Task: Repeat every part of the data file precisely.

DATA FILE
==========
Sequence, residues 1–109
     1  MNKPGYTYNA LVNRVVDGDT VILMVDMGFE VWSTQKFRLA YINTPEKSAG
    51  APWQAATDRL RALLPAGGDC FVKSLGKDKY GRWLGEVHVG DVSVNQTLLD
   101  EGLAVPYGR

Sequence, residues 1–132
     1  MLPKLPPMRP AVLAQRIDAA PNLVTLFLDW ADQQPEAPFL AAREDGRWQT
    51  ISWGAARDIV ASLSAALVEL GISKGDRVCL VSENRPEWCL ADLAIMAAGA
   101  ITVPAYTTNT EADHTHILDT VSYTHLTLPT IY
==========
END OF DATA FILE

Sequence, residues 1–109
     1  MNKPGYTYNA LVNRVVDGDT VILMVDMGFE VWSTQKFRLA YINTPEKSAG
    51  APWQAATDRL RALLPAGGDC FVKSLGKDKY GRWLGEVHVG DVSVNQTLLD
   101  EGLAVPYGR

Sequence, residues 1–132
     1  MLPKLPPMRP AVLAQRIDAA PNLVTLFLDW ADQQPEAPFL AAREDGRWQT
    51  ISWGAARDIV ASLSAALVEL GISKGDRVCL VSENRPEWCL ADLAIMAAGA
   101  ITVPAYTTNT EADHTHILDT VSYTHLTLPT IY